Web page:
We live in a day when conspiracy theories run rampant, much of it is fueled by the internet. I am not one for denying all the theories out there, I am sure there is a little truth mixed into a lot of them, but I don’t know enough about most of them to challenge them.
When it comes to the music business, having been it since the sixties and traveling and working with many of the legends, I feel a little more comfortable separating the myths from the reality.
One of the most enduring myths about music and death concerns the idea that the age of 27 is especially hazardous for performers.
Amy Winehouse was 27 when she died in 2011. So were Kurt Cobain, Janis Joplin, Jimi Hendrix, Brian Jones, and Jim Morrison. Indeed, if you start the count in 1892 with the death of pianist Alexandre Levy, 50 recording artists have died at that age.
The apparent spooky coincidence, however, starts to disintegrate when you discover that, at least according to Wikipedia, since the passing of Ms Winehouse, only three more 27-year-old musos have added to the tally, none of them (with due respect) household names.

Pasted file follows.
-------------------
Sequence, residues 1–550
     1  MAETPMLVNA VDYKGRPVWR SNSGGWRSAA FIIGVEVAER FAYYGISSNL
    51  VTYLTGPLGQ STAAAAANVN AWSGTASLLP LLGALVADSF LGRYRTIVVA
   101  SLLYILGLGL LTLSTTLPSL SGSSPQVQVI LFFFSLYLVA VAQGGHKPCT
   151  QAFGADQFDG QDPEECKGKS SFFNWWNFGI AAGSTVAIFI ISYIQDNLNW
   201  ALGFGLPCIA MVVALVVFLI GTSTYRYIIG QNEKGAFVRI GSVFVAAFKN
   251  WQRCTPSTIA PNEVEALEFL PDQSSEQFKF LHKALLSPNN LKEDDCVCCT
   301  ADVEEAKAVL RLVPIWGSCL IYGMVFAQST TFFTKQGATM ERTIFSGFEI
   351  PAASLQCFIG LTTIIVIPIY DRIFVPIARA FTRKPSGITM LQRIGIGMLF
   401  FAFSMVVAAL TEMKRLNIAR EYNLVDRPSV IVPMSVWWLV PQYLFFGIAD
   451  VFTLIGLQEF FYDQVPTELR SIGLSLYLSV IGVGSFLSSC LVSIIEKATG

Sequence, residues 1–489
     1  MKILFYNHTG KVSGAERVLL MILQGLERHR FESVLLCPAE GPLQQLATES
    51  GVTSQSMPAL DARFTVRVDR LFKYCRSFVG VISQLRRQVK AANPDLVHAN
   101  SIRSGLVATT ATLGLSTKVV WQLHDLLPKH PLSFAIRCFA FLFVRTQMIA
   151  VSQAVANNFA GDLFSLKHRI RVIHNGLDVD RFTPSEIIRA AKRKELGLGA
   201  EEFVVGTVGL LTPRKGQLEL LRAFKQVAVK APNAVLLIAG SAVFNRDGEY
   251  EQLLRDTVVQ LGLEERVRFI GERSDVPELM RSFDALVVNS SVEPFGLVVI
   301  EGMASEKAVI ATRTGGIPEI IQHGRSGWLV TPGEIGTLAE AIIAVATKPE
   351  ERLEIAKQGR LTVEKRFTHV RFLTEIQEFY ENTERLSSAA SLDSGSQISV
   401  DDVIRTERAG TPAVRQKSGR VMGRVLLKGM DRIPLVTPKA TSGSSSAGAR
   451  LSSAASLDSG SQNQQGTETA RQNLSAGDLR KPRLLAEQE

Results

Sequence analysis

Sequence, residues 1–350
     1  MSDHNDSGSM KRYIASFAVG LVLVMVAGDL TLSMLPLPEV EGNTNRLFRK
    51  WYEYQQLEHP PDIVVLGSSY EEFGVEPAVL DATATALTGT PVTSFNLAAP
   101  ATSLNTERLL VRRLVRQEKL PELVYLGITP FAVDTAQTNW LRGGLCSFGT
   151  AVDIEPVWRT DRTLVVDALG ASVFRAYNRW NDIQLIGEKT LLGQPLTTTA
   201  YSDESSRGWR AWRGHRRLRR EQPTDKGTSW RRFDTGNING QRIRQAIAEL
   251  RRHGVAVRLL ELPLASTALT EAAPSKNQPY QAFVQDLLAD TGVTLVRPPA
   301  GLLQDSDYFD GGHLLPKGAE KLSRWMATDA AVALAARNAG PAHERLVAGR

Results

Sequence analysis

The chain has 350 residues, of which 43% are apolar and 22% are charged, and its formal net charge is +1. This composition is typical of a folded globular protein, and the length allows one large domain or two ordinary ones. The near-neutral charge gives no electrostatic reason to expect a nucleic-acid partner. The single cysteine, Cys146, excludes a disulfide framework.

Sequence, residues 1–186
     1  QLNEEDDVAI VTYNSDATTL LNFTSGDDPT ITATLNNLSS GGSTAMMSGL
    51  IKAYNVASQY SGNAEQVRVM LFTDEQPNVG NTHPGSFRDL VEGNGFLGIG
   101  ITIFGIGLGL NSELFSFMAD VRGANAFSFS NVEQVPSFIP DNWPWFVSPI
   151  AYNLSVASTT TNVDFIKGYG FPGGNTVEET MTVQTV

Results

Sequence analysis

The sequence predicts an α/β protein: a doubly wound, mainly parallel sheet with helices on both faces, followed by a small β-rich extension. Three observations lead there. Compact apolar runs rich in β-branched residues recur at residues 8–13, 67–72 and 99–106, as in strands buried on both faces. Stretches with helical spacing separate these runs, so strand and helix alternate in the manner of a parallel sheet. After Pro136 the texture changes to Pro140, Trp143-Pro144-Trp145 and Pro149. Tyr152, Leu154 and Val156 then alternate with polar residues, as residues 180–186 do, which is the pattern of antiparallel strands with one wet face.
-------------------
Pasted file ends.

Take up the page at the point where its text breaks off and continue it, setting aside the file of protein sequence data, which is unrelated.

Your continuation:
Professor Kenny’s rigorous analysis of age and death of 13,000 musicians revealed that keeling over at 27 isn’t anything special at all. “I found that in terms of sheer numbers there were equal numbers who died at 26 and 28, and slightly more who died at 32,” she said.
“The median age of death was 56. Form a statistical perspective, 27 is no more probable for the age of early death of musicians than almost any other number.” The concept of the “27 Club”, she said, grew out of the star status of Hendrix, Winehouse and the rest of what she termed the “big six”.
By the way, one of my favorite drummers back in the day, Keith Moon, made it to 32 years old. The fact that he made it past 27 is probably a major feat. Alice Cooper probably said it best “he was a walking insane asylum”